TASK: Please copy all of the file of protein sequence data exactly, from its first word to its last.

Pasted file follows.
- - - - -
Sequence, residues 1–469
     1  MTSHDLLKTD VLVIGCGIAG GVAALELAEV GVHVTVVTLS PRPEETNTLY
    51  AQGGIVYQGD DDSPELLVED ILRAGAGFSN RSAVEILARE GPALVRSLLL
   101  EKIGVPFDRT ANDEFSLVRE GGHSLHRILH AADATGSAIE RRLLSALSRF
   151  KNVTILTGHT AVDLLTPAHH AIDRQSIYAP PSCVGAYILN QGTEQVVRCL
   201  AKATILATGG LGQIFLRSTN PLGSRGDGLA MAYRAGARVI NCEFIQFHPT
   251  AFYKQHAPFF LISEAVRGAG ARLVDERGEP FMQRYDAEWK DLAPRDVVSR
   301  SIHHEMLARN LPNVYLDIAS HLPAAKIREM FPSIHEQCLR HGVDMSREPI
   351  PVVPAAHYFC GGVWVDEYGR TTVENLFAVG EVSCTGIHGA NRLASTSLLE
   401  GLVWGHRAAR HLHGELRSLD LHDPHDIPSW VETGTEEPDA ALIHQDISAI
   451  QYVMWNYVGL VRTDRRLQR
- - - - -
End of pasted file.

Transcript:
Sequence, residues 1–469
     1  MTSHDLLKTD VLVIGCGIAG GVAALELAEV GVHVTVVTLS PRPEETNTLY
    51  AQGGIVYQGD DDSPELLVED ILRAGAGFSN RSAVEILARE GPALVRSLLL
   101  EKIGVPFDRT ANDEFSLVRE GGHSLHRILH AADATGSAIE RRLLSALSRF
   151  KNVTILTGHT AVDLLTPAHH AIDRQSIYAP PSCVGAYILN QGTEQVVRCL
   201  AKATILATGG LGQIFLRSTN PLGSRGDGLA MAYRAGARVI NCEFIQFHPT
   251  AFYKQHAPFF LISEAVRGAG ARLVDERGEP FMQRYDAEWK DLAPRDVVSR
   301  SIHHEMLARN LPNVYLDIAS HLPAAKIREM FPSIHEQCLR HGVDMSREPI
   351  PVVPAAHYFC GGVWVDEYGR TTVENLFAVG EVSCTGIHGA NRLASTSLLE
   401  GLVWGHRAAR HLHGELRSLD LHDPHDIPSW VETGTEEPDA ALIHQDISAI
   451  QYVMWNYVGL VRTDRRLQR